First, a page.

It was a glamorous ten-year anniversary celebration in a Mexican resort, and Hunter and Caroline Shipley, along with friends and relatives, planned a number of activities for that week. But on the last night, the babysitter did not show up, and a decision was made to leave the sleeping girls, Michelle and Samantha, ages five and two, in the room, just above their table outside…and they would check them every half hour. Hunter insisted, and Caroline went along with it.
But as all the best laid plans often go awry, that one certainly did, and a confluence of wrong things happened, leading to the kidnapping of two-year-old Samantha.
Now, fifteen years later, the trauma still follows them, with reporters showing up every time another year goes by. From the very beginning, Hunter presented well for the cameras, while Caroline’s stiff exterior made the press characterize her as cold and remote. She was vilified more than her husband, unfairly, in my opinion.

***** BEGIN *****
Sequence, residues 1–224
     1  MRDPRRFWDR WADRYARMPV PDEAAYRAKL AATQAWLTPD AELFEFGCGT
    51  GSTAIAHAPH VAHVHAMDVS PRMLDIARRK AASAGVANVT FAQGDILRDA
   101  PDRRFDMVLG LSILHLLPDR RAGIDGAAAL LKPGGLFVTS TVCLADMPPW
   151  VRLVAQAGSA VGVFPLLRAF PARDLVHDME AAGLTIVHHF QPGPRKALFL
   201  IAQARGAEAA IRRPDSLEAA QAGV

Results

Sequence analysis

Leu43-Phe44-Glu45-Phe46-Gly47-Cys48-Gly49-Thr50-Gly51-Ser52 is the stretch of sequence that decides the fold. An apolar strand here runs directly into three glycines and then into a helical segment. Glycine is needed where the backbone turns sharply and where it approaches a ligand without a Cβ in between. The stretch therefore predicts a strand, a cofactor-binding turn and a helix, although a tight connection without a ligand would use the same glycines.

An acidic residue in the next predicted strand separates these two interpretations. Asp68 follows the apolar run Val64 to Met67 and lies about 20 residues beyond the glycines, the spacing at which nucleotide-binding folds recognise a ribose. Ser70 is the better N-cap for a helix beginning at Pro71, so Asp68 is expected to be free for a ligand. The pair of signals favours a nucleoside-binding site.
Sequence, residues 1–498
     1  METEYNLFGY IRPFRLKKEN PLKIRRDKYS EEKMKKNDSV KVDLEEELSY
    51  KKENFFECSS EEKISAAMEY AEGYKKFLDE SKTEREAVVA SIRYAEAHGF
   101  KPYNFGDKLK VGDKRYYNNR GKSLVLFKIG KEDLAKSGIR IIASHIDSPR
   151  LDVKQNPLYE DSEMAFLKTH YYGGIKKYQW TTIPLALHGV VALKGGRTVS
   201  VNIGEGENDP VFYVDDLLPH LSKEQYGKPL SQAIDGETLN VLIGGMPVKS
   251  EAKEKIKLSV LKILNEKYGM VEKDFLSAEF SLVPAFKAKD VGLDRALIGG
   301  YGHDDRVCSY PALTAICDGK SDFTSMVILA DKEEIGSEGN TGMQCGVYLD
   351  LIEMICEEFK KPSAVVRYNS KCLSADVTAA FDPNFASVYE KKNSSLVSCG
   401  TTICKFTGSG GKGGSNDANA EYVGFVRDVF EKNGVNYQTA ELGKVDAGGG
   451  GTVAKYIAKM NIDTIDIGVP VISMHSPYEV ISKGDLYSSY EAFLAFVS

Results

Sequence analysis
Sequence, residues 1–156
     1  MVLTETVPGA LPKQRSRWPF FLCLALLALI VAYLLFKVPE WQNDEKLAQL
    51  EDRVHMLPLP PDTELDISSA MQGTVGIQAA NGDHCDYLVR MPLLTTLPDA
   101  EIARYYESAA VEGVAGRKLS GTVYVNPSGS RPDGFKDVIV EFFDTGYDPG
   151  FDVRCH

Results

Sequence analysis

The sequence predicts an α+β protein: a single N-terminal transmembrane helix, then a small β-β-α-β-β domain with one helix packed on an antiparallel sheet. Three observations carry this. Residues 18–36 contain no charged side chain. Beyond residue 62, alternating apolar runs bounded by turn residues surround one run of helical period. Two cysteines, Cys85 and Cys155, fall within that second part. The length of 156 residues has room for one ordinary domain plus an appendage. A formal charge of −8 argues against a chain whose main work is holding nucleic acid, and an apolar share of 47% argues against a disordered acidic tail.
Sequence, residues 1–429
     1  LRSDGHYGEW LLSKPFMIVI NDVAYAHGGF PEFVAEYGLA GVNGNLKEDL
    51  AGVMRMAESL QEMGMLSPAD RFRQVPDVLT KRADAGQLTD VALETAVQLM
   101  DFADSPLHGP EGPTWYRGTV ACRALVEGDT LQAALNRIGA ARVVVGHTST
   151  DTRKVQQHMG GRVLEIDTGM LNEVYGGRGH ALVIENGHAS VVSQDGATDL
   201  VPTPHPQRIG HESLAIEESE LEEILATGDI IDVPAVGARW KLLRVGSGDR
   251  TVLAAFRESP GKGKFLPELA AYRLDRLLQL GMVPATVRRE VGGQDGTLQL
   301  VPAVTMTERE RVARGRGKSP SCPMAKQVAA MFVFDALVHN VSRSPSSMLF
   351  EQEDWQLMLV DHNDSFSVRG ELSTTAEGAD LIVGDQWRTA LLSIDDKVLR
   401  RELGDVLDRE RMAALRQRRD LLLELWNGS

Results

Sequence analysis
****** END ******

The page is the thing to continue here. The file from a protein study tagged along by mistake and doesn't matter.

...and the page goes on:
Caroline and Hunter divorce, and some of Hunter’s secrets surface, adding to the pain coursing through their lives.
But something unexpected happens in that fifteenth year. Caroline gets a call from a young girl who thinks she might be Samantha.
She’s Not There was a page-turning tale that swept back and forth in time, over the years, showing the lives of the characters, and reminding us of the pain that haunts them. Caroline blames herself for agreeing to leave the girls alone in the room when Hunter insisted on it; Michelle is belligerent and hateful most of the time, a sure sign of how events impacted her life, too. Could she be feeling overlooked? Invisible? Her behavior was annoying, but in the end, I came to feel more empathy for her.
Ultimately, I became suspicious of a number of people, and not totally stunned by the final revelations. How we learned of what happened that night did surprise me, however. I loved this story and could not stop reading it. 5 stars.
***My copy of the e-ARC came to me from the publishers via NetGalley.